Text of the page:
Ticks are external parasites that live on the blood of other beings, including mammals and birds. They have been known to also live on reptiles and amphibians, so they have a wide range of resources.
Ticks have a terrible reputation as they spread many diseases to humans and animals, the most recognised as Lyme Disease. In addition, diagnoses can be complex as ticks can apply more than one pathogen simultaneously.
Unlike other biting insects, a tick bite is painless and can go unnoticed due to its small size. Ticks then burrow into their host, where they stay until complete, which can be up to seven days. The longer the tick remains on its host, the greater the chance of infection.
Ticks are notoriously difficult to remove, and this must be done correctly to ensure complete removal. The most successful treatment is thought to be by freezing with medical wart remover or similar. However, squashing them whilst removing them can result in the tick contents going into the host’s bloodstream or leaving parts of the tick behind, which then require a medical procedure to remove.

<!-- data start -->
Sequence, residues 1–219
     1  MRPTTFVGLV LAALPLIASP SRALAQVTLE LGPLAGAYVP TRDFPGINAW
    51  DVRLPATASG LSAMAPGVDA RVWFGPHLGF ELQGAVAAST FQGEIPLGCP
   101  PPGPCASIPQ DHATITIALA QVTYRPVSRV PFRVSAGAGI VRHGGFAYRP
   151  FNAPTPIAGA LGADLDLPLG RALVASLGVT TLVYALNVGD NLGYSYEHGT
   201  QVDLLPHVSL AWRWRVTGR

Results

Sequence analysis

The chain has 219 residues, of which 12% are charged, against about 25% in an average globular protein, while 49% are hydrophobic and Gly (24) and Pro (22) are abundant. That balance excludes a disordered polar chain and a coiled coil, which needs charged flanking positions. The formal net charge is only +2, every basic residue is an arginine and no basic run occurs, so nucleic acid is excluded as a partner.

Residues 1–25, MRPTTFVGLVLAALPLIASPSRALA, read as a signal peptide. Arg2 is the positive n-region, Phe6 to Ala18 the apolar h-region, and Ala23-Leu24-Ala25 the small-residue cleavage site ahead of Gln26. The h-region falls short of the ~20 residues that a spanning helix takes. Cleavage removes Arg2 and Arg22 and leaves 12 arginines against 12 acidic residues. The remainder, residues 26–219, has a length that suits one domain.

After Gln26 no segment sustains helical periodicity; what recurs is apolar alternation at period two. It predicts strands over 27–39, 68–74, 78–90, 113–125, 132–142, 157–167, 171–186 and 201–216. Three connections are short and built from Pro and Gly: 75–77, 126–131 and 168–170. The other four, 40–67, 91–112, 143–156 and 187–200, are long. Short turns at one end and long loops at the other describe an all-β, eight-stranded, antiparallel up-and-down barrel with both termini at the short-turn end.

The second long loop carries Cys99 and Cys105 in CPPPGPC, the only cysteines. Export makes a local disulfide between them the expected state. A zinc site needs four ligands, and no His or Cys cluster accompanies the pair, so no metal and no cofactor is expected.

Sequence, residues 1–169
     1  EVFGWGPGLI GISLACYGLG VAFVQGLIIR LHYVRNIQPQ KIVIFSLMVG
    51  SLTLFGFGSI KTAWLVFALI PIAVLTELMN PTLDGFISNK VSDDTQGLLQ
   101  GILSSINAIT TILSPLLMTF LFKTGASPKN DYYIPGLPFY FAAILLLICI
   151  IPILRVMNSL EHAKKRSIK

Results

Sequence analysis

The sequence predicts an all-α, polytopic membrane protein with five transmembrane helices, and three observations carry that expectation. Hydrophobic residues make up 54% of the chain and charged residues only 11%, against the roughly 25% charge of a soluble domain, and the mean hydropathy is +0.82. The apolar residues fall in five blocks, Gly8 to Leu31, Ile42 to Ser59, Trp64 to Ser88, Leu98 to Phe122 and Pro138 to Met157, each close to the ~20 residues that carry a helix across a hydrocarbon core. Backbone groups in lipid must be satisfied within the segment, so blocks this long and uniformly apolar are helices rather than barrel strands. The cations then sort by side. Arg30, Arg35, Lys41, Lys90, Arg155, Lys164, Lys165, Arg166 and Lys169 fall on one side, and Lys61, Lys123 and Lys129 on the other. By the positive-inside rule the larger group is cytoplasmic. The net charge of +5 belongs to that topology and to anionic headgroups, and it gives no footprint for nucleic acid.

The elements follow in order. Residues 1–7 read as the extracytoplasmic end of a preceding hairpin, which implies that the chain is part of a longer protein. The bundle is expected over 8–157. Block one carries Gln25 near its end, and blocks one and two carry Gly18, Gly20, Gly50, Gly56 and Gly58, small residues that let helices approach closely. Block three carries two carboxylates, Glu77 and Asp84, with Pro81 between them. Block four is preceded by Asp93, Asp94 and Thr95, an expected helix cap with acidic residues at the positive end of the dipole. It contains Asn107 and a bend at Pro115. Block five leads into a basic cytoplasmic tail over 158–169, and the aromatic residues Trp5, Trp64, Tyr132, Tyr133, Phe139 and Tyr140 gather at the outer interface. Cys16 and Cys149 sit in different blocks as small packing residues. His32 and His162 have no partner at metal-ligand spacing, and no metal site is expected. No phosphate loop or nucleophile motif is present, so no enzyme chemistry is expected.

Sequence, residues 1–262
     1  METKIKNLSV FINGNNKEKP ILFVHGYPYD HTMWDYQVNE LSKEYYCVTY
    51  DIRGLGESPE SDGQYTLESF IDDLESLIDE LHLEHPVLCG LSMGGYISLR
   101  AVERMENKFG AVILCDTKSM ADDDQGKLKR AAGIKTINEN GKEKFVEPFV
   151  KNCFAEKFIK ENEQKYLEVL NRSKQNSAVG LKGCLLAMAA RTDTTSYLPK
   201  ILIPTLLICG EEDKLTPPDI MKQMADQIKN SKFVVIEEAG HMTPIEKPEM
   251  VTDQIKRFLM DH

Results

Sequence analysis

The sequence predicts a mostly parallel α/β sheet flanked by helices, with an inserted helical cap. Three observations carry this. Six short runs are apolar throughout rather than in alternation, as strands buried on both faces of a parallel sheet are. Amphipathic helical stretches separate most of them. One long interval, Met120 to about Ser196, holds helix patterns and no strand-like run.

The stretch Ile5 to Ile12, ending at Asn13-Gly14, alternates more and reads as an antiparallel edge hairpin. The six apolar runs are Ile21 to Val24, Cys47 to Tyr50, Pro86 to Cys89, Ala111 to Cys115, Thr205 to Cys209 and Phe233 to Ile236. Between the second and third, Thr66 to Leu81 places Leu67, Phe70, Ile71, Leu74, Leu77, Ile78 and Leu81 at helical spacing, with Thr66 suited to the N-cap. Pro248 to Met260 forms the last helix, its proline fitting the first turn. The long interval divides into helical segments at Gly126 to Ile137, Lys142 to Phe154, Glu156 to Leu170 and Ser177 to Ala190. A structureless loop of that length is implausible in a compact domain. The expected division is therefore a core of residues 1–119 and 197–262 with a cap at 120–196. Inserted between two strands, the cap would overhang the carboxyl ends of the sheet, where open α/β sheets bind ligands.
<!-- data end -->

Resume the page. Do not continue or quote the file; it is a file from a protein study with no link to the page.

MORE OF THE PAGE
Ticks cannot survive without a host. They do not fly or jump but can quickly climb onto a passing host. They favour warm, humid conditions and need a certain amount of moisture to develop.
Ticks are a part of the arachnid family and therefore have eight legs, two of these only appearing after their first blood meal. There are thought to be around 900 different species worldwide.
The most likely tick to feed on a human in the UK is the ‘Sheep tick’. This may be partly due to opportunity as we take walks outdoors, petting zoos and animal parks near these so-called sheep ticks.